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2. Assay and impurity test: a. Impurities are available For the assay , this should involve demonstration of the discrimination of the analyte in the presence of impurities and/or excipients. This can be done by spiking pure substances with appropriate levels of impurities and/or excipients and demonstrating that the assay result is unaffected by the presence of these materials. For the impurity test , the discrimination may be established by spiking drug substance or drug product with appropriate levels of impurities and demonstrating the separation of these impurities individually and/or from other components in the sample matrix. 15 April 2012 25 Analytical Method Validation

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b. Impurities are not available If impurity or degradation product standards are unavailable, specificity may be demonstrated by comparing the test results of samples containing impurities or degradation products to a second well-characterized procedure e.g. pharmacopoeial method or other validated analytical procedure. As appropriate, this should include samples stored under relevant stress conditions: light, heat, humidity, acid/base hydrolysis and oxidation. 15 April 2012 26 Analytical Method Validation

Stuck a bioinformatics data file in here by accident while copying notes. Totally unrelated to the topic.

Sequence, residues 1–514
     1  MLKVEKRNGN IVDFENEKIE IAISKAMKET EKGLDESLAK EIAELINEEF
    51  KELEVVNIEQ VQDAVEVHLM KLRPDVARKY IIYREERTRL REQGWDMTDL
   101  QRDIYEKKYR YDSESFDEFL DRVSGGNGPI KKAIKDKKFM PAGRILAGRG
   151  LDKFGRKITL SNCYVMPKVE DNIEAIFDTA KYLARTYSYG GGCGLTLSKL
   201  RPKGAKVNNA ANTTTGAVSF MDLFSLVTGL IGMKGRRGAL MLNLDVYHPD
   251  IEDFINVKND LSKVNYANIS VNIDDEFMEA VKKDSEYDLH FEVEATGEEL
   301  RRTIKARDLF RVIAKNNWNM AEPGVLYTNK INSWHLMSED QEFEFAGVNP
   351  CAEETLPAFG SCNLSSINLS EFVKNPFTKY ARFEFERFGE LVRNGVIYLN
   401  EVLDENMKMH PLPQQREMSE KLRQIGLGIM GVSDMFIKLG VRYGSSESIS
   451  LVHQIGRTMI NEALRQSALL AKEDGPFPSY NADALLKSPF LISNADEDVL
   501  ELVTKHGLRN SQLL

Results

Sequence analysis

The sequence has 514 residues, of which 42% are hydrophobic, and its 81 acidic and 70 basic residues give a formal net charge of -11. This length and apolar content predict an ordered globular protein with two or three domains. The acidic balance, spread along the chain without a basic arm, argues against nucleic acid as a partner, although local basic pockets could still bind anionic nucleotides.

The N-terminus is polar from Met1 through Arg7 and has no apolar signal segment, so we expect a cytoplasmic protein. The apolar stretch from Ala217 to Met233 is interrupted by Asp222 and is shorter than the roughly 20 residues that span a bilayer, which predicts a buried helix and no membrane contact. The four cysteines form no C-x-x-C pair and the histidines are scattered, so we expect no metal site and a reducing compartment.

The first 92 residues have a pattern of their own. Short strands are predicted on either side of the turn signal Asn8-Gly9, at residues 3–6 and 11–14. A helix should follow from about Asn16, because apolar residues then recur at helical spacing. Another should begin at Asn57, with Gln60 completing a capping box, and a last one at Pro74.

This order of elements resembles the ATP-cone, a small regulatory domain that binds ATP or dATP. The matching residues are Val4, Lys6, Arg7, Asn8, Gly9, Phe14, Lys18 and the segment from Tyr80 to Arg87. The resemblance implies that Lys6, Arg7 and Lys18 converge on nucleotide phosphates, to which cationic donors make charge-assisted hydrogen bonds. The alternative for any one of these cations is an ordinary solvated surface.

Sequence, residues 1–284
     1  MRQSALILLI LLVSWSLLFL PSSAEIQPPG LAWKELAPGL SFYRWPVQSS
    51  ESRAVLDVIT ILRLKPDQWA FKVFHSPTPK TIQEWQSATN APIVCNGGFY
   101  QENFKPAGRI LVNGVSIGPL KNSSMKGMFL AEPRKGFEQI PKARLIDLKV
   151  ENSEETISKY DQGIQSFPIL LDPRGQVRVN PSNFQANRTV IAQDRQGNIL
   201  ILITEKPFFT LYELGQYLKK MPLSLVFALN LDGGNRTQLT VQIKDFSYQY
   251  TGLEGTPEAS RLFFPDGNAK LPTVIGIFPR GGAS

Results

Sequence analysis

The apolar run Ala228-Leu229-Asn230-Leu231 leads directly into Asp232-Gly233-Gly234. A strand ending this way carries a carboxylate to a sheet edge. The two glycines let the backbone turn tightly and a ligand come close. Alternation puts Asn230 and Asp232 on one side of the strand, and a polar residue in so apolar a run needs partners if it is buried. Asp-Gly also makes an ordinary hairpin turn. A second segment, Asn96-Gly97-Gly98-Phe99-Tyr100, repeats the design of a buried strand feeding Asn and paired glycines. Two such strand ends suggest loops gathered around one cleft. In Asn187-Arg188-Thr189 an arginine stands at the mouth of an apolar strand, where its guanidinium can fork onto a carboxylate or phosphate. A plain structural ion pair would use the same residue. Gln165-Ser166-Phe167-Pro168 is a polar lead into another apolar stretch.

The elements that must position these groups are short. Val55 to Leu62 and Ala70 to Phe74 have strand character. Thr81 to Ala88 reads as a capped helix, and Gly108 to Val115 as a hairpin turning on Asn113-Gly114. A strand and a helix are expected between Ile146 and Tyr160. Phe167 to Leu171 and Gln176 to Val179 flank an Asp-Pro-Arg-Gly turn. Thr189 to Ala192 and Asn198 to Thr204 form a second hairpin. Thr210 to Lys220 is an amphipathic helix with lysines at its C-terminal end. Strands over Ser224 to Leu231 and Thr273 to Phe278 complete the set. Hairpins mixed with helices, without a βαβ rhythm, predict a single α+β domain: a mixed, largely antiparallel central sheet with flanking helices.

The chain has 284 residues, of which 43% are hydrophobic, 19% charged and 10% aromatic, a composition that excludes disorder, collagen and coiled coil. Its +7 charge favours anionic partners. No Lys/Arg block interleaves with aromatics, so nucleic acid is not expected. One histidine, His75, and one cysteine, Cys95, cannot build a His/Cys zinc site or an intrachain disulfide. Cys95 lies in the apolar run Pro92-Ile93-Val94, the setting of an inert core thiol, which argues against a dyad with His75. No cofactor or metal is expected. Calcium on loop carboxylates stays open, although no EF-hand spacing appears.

7. Robustness:

7. Robustness The robustness of an analytical procedure is a measure of its capacity to remain unaffected by small, but deliberate variations in method parameters and provides an indication of its reliability during normal usage. If measurements are susceptible to variations in analytical conditions, the analytical conditions should be suitably controlled or a precautionary statement should be included in the procedure, such as: Use solution within 24 hours Maintain temperature below 25 degrees 15 April 2012 27 Analytical Method Validation

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In the case of liquid chromatography, examples of typical variations are: influence of variations of pH in a mobile phase influence of variations in mobile phase composition different columns (different lots and/or suppliers) temperature flow rate In the case of gas-chromatography, examples of typical variations are: different columns (different lots and/or suppliers) temperature flow rate 15 April 2012 28 Analytical Method Validation